"One very big thing for us -- and one that is catching on for others -- is repairing properties. As other servicers begin to change their philosophy on this, it will be more important for our agents to understand. I think this is the biggest shift for us in some time, as far as getting everyone on board," Schriver told close to 2,000 attendees at the REO Expo default services conference in Fort Worth, Texas, Monday.

Schriver said asset managers will begin expecting more from real estate agents who sell these properties. Schriver's team will look for things like new paint jobs, replacing more appliances and keeping up the appearance of the property.

These repairs, Schriver said, will push the value on the properties in the inventory of foreclosed homes - which totals as much 4.5 million in some estimates - and make them more attractive to owner-occupants.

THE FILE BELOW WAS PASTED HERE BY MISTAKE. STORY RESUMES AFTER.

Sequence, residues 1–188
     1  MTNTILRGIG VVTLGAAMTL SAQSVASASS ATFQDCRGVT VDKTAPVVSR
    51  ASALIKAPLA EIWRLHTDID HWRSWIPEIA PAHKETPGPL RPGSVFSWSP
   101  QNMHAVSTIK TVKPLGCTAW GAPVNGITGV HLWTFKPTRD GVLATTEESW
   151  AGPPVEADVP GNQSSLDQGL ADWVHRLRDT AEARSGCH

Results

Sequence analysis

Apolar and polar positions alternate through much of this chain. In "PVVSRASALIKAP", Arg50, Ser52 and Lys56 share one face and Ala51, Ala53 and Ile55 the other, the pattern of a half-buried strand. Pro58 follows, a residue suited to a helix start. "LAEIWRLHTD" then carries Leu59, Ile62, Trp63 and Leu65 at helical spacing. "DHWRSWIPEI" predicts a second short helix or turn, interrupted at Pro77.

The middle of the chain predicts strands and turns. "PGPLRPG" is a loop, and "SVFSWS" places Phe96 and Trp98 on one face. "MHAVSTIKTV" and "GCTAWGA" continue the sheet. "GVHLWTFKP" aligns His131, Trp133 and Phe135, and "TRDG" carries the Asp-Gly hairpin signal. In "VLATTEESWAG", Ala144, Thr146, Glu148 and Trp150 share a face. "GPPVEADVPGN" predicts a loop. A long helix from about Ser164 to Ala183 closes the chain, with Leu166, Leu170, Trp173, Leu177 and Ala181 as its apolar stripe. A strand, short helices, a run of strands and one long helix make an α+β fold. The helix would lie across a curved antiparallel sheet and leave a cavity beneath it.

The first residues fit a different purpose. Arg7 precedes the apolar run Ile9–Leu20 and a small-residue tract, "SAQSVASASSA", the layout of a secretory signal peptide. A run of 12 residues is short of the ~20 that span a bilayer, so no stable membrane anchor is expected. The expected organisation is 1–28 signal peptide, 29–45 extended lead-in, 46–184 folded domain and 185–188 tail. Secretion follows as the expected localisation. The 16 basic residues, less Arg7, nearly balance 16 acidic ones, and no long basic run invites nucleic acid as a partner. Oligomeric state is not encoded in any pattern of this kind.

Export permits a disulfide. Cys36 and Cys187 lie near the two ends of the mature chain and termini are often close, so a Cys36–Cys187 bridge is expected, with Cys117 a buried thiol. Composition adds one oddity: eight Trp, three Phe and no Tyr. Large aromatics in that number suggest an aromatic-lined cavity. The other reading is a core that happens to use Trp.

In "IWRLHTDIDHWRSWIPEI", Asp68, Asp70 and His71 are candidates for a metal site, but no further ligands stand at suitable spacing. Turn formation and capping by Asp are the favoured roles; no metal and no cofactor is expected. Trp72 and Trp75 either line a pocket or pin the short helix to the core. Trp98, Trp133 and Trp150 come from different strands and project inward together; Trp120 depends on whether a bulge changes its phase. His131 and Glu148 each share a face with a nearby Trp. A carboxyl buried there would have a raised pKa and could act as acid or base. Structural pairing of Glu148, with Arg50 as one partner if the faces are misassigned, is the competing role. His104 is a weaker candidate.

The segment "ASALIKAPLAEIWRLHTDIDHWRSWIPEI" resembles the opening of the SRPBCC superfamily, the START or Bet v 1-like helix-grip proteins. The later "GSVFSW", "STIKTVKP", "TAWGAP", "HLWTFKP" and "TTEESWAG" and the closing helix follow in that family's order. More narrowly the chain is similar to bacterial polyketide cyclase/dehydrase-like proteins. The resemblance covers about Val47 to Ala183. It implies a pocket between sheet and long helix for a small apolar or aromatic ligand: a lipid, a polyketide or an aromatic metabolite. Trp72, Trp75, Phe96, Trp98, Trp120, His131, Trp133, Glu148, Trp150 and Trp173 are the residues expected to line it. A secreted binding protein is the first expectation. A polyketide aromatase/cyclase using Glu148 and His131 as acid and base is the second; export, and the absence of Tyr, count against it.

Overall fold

Indeed, the median price for a distressed property increased 5% in the fourth quarter, according to Clear Capital.

"This marks the longest gain in median price for REOs since the market correction began in 2006," Clear Capital said. "This is a positive signal at minimum. It indicates buyers' appetite for higher-end REO, which could lead to an increase in sale volume this season."

Even the government-sponsored enterprises are making the shift. Patti Donovan, the supplier services manager for Freddie Mac's HomeSteps division said at a later panel Monday that REO repairs will be essential to liquidate this inventory.

"It's important to maintain the property both inside and outside," Donovan said. "If an REO property has 12-inch high grass, how would you like it if that property was next to you?"

Gary Acosta, executive chairman of the asset managing firm New Vista Asset Management, said the REO industry needs to rebrand itself as part of the recovery process, not the profiteers. Targeting owner-occupants and repairs instead of dumping off properties to investors is key.